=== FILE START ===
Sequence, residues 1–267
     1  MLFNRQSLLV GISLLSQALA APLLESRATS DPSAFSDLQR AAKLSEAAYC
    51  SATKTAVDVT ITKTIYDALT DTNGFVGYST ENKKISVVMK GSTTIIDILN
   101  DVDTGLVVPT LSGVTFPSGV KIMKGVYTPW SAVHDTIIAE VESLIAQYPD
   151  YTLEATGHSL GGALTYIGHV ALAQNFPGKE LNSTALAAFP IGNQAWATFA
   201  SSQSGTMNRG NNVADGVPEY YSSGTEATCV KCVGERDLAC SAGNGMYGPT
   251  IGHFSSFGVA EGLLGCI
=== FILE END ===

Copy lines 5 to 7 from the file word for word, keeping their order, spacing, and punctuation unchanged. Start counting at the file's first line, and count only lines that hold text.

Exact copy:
   151  YTLEATGHSL GGALTYIGHV ALAQNFPGKE LNSTALAAFP IGNQAWATFA
   201  SSQSGTMNRG NNVADGVPEY YSSGTEATCV KCVGERDLAC SAGNGMYGPT
   251  IGHFSSFGVA EGLLGCI